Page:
Tag Archives: money

Keynote Lecture – ‘What is the Human Mind Designed for?’ By Roy F. Baumeister

Baumeister Polaroid

Professor Roy F. Baumeister

Professor Baumeister’s Keynote lecture ‘ What is the Human Mind Designed for?’ is now live

Roy F. Baumeister is currently the Eppes Eminent Professor of Psychology and head of the social psychology graduate program at Florida State University. He grew up in Cleveland, the oldest child of a schoolteacher and an immigrant businessman. He received his Ph.D. in social psychology from Princeton in 1978 and did a postdoctoral fellowship in sociology at the University of California at Berkeley. He spent over two decades at Case Western Reserve University, where he eventually was the first to hold the Elsie Smith professorship. He has also worked at the University of Texas, the University of Virginia, the Max-Planck-Institute, and the Center for Advanced Study in the Behavioral Sciences. Baumeister’s research spans multiple topics, including self and identity, self-regulation, interpersonal rejection and the need to belong, sexuality and gender, aggression, self-esteem, meaning, and self-presentation. He has received research grants from the National Institutes of Health and from the Templeton Foundation. He has over 400 publications, and his books include Evil: Inside Human Violence and Cruelty, The Cultural Animal, and Meanings of Life. The Institute for Scientific Information lists him among the handful of most cited (most influential) psychologists in the world. He lives by a small lake in Florida with his beloved family. In his rare spare time, he enjoys windsurfing, skiing, and jazz guitar.

You can view his keynote at http://compassconference.wordpress.com/2009/10/27/baumeister/

Money can’t buy friends but it may help you cope without them

Money

By Erica Zaiser

With the recent economic crisis many may be finding it harder to keep up with the Joneses. Undoubtedly, losing a job and its potential impact on one’s finances is highly stressful in and of itself, but many people may feel added pressure from the need to maintain their social status despite economic loss.

People will go to great lengths to retain their place in a group because being socially ostracized can be a highly stressful and often traumatic experience. Ostracism has been linked to a number of psychological responses as well as actually physical pain.  The bad news is that, according to a recent study, when people feel socially ostracized their desire for money only increases because money represents power and status (Zhou, Vohs, & Baumeister, 2009). The good news is that the same research suggests that just the simple act of counting money (as opposed to blank paper) can lessen the negative feelings associated with social exclusion, even when it is someone else’s money. Even more, counting money can actually lessen perceptions of physical pain. Conversely, when people are reminded of having spent or losing money they report feeling higher levels of mental distress as well as physical pain.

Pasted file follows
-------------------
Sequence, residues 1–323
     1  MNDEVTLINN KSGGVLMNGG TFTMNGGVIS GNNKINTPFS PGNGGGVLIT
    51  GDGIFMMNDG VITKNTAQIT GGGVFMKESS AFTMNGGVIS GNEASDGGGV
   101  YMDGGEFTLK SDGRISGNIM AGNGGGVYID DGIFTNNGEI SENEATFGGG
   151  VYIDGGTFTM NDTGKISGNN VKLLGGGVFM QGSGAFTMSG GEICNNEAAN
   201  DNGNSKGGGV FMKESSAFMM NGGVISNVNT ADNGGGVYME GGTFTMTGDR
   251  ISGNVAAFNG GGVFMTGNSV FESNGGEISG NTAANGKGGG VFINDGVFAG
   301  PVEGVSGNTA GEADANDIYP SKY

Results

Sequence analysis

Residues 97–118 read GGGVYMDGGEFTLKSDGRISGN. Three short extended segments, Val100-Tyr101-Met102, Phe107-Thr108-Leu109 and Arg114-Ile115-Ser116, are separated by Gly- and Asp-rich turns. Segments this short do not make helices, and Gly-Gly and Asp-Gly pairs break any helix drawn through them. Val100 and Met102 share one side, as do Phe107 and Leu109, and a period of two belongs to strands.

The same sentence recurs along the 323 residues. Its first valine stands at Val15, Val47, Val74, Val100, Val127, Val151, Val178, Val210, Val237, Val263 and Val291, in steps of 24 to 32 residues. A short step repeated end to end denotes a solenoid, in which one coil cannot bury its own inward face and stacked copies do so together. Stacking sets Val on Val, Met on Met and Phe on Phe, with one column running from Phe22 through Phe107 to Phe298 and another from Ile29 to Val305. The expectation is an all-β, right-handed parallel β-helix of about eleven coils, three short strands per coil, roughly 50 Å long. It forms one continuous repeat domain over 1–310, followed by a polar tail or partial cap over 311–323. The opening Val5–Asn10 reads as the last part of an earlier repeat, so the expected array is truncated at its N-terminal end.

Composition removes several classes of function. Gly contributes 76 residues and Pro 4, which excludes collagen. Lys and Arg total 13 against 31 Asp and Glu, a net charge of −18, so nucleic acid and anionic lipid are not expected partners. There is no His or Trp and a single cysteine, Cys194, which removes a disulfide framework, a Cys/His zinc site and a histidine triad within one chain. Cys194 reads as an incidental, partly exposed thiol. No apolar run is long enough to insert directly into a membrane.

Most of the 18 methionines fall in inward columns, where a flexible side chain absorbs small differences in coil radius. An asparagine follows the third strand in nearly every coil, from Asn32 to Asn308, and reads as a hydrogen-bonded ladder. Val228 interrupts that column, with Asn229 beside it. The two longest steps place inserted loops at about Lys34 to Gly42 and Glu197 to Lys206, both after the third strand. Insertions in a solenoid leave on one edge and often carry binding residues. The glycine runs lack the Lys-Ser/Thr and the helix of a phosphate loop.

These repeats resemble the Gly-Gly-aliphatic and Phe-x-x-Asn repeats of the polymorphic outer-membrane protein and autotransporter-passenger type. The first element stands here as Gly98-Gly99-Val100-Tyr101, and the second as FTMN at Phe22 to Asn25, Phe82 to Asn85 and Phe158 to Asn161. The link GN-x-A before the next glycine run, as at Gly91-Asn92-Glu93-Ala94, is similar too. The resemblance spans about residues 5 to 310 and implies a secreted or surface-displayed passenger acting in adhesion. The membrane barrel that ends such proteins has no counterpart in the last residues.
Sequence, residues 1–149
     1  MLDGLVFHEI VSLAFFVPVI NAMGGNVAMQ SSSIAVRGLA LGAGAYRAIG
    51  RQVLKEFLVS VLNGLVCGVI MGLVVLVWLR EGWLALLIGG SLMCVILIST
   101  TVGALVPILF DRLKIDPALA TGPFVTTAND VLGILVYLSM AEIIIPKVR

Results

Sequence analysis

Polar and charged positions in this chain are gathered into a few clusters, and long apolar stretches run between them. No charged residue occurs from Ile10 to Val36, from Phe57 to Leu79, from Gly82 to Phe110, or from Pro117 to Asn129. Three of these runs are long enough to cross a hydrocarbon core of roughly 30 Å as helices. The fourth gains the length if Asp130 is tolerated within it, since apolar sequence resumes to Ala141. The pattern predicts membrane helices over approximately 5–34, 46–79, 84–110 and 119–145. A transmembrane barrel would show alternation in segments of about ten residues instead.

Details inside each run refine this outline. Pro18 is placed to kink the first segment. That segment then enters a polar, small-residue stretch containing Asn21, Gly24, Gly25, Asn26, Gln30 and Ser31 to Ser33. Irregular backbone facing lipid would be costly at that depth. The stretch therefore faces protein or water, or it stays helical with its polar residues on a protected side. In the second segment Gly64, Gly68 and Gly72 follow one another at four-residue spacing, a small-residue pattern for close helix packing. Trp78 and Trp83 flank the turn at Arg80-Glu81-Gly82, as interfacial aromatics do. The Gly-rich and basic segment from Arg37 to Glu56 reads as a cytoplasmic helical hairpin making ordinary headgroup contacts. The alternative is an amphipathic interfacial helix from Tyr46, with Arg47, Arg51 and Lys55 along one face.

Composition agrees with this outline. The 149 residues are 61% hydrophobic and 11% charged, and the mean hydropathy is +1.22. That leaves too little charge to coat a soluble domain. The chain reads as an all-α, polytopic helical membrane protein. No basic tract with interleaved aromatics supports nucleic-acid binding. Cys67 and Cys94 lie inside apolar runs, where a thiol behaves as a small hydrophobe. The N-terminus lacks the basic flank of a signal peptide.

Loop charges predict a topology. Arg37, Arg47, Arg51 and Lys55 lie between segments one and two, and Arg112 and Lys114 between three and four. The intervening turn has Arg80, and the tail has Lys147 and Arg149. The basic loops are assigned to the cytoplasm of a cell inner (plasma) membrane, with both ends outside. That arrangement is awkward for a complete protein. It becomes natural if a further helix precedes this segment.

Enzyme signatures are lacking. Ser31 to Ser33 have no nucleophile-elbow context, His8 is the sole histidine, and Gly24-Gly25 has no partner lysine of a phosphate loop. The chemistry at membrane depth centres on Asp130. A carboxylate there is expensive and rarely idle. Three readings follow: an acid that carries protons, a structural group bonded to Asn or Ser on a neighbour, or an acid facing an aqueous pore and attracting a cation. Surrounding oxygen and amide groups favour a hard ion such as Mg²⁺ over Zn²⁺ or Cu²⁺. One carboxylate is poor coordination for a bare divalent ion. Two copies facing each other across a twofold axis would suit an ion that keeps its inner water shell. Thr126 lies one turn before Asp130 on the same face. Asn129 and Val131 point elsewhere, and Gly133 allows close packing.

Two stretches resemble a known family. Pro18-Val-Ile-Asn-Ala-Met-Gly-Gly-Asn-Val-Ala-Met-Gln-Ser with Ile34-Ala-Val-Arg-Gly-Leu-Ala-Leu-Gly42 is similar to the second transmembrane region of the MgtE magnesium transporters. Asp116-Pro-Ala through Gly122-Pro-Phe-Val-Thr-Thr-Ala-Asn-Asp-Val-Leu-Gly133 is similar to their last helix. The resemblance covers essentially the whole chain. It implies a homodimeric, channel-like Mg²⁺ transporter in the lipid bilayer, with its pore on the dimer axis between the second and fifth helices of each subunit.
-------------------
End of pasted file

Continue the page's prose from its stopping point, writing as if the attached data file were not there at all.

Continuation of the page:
One explanation for this is that counting money reminds us of money, which is a potential social resource for coping and gaining status. Thus, as we lose friends we want to increase our financial resources and conversely, as we lose financial security we are more distraught by losing friends. In this way financial and social resources may act as a type of psychological currency that allows you to “buy” confidence and feelings of efficacy, which are linked to both psychological and physical pain.

So during these hard financial times, if you find you can no longer keep up with the Joneses financially, you may want to try being friends with them instead.

square-eye Read more about the effects of ostracism:  Williams, K.D. (2007). Ostracism: The kiss of social death. Social and Personality Compass1, 236–247.

Zhou, Xinyue, Kathleen D. Vohs, and Roy F. Baumeister (2009), “The Symbolic Power of
Money: Reminders of Money Alter Social Distress and Physical Pain,” Psychological
Science.

square-eye Zhou, X. , Vohs K. D., Baumeister, R. (2009). The symbolic power of money: Reminders of money alter social distress and physical  pain, Psychological Science, 20, 700-706.

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